Poster Presentations: Wednesday, November 3, 2010 |

Efficacy of an Intensive Behavior Interventions Program Combined With Free Medications for Smoking Cessation at the Hospital Universitario Professor Edgard Santos in Salvador, Brazil FREE TO VIEW

Ana Thereza C. Rocha, MD; Jose Franklin Pompa-Filho, MS; Manuela B. de Pinho, RT; Marla M. Rocha, MS; Marina C. Cabral, MS; Lucas S. Macêdo, MS
Author and Funding Information

Complexo Hospital Universitario Professor Edgard Santos, Salvador, Brazil

Chest. 2010;138(4_MeetingAbstracts):644A. doi:10.1378/chest.9941
Text Size: A A A
Published online


PURPOSE: To evaluate the rates of and factors related to smoking cessation in our intensive behavior interventions program (IBI) combined with free medications.

METHODS: We evaluated consecutive smokers and offered IBI by a multidisciplinary team (pulmonary physician, psycologists and respiratory therapist) in group sessions (weekly x 4; then biweekly x 4 and monthly x 9). The choice of medications (bupropion, nicotine-patches, nicote-gums or combination) depended on the Fagerstrom’s test (FT) score, the strategy for cessation (gradual or abrupt) and the presence of comorbidities. The rates of reported abstinence and predictors of abstinence at 1 and 3-months by multivariate logistic regression (MLR) are presented.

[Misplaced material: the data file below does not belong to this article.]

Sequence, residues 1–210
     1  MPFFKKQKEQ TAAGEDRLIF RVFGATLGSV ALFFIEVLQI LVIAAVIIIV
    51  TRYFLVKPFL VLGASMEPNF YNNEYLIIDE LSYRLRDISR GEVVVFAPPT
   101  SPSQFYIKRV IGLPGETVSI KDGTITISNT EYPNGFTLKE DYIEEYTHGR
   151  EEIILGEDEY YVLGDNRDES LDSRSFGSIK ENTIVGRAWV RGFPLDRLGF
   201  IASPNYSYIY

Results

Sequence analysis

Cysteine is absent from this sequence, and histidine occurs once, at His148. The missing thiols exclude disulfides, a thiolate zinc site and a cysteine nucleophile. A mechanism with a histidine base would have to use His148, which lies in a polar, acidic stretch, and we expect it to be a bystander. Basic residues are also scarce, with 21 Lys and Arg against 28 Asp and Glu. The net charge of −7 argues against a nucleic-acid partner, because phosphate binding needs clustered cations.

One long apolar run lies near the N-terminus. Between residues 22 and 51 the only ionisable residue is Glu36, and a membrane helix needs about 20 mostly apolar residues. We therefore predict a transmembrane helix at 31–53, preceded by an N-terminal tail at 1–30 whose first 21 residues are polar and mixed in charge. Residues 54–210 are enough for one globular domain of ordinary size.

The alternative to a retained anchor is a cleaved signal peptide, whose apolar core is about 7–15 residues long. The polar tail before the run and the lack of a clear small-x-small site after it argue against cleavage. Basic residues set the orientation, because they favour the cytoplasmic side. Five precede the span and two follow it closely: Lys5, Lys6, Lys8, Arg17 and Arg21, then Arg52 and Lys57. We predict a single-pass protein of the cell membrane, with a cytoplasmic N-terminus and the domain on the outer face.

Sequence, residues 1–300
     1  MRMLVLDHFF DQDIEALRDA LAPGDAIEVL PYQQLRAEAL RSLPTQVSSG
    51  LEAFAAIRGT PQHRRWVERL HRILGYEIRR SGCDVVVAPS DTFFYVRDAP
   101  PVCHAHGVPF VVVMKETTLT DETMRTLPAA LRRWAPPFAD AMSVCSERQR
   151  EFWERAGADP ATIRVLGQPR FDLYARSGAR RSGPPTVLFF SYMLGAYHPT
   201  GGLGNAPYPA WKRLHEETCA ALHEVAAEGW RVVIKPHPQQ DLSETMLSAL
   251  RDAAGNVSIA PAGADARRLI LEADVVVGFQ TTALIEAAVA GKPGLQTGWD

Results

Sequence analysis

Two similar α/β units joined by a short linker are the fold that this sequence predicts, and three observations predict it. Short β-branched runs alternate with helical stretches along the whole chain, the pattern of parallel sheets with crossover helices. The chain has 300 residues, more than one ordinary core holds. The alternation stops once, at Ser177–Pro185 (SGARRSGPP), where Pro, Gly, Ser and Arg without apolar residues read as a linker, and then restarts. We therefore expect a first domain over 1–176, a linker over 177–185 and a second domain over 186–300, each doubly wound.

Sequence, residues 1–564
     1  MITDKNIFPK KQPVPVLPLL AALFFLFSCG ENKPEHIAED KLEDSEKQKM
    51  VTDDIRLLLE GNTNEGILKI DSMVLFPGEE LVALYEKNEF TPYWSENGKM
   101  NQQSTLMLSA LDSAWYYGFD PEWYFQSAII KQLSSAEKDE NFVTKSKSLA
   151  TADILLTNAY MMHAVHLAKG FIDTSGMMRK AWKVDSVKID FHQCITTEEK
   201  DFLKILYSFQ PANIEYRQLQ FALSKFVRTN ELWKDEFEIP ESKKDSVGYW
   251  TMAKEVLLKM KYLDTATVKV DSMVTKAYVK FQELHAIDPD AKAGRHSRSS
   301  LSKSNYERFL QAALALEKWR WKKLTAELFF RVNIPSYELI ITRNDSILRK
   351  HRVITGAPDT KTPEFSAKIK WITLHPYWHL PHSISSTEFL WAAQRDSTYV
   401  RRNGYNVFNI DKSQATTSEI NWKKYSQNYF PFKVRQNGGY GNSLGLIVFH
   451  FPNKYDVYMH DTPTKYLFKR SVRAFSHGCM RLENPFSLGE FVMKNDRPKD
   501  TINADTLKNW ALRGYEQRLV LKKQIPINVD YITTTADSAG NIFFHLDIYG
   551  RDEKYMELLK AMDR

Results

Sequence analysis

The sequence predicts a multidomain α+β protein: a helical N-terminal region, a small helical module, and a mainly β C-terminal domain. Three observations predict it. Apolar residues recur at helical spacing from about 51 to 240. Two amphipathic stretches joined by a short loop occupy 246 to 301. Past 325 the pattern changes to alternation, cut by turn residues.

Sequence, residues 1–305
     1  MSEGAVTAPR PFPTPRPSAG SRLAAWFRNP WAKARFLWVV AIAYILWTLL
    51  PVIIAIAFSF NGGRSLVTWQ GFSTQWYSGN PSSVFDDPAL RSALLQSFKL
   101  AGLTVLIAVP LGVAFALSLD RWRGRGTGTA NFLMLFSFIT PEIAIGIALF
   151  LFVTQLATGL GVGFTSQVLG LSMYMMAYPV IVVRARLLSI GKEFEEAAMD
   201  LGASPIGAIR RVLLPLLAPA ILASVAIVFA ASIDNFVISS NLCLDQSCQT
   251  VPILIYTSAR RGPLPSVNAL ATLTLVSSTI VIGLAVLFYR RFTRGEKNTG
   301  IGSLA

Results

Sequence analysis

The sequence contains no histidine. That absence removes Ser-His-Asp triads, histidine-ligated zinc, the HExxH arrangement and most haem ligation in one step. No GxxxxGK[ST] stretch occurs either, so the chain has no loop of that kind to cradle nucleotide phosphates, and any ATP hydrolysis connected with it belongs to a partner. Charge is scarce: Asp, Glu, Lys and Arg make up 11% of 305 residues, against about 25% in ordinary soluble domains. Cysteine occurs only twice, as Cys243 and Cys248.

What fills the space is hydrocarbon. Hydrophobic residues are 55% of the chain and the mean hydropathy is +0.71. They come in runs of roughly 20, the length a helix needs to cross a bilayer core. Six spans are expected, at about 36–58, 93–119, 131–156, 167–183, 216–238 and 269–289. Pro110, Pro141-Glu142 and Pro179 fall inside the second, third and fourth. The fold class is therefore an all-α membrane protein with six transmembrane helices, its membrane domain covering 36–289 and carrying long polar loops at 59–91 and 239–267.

RESULTS: 350 patients were evaluated in 20 months. The FT-score was 0-4 in 26%, 5-7 in 43% and 8-10 in 31%. The IBI was started by 75%; 88% of the patients used medications and 71% completed at least 3-months of treatment. Patients with higher FT-scores were more likely to start IBI, 68% (0-4), 72% (5-7) and 84% (8-10), p=0.02. Abstinence rate was 57% (150/262) in 1-month, 81% (150/185) in 3-months and 77% (72/94) in 6-months. In 1-month, the abstinence rate was higher for those using medications, 63% vs. 19% (p< 0.0001), attending to 3-4 vs. 1-2 sessions, 63% vs. 34% (p< 0.0001), and for men, 65% vs. 53% (although not significantly). Factors independently associated with abstinence in 1-month were: use of medication, OR 4.8 (95%CI 2.1-11.1), attendance to 3-4 sessions, OR 2.2 (95%CI 1.1-4.4), and FT-score, OR 0.8 (95%CI 0.7-0.9). Gender, age, history of previous cessation attempt, and alcohol abuse did not interfere. Predictors of abstinence in 3-months were attendance to ≥8 sessions, OR 3.4 (95%CI 1.4-8.2) and use of medication at least for the 1st month, OR 3.0 (95%CI 2.0-4.8).

CONCLUSION: In our program, patients receiving IBI combined with free medications had high rates of smoking abstinence at 1, 3 and 6-months.

CLINICAL IMPLICATIONS: Programs combining IBI with medications can be effective for smoking cessation despite moderate to high nicotine-dependence and presence of comorbidities.

DISCLOSURE: Ana Thereza Rocha, Consultant fee, speaker bureau, advisory committee, etc. I am a speaker for Pfizer.; No Product/Research Disclosure Information

12:45 PM - 2:00 PM




Citing articles are presented as examples only. In non-demo SCM6 implementation, integration with CrossRef’s "Cited By" API will populate this tab (http://www.crossref.org/citedby.html).

Some tools below are only available to our subscribers or users with an online account.

Related Content

Customize your page view by dragging & repositioning the boxes below.

CHEST Journal Articles
PubMed Articles
  • CHEST Journal
    Print ISSN: 0012-3692
    Online ISSN: 1931-3543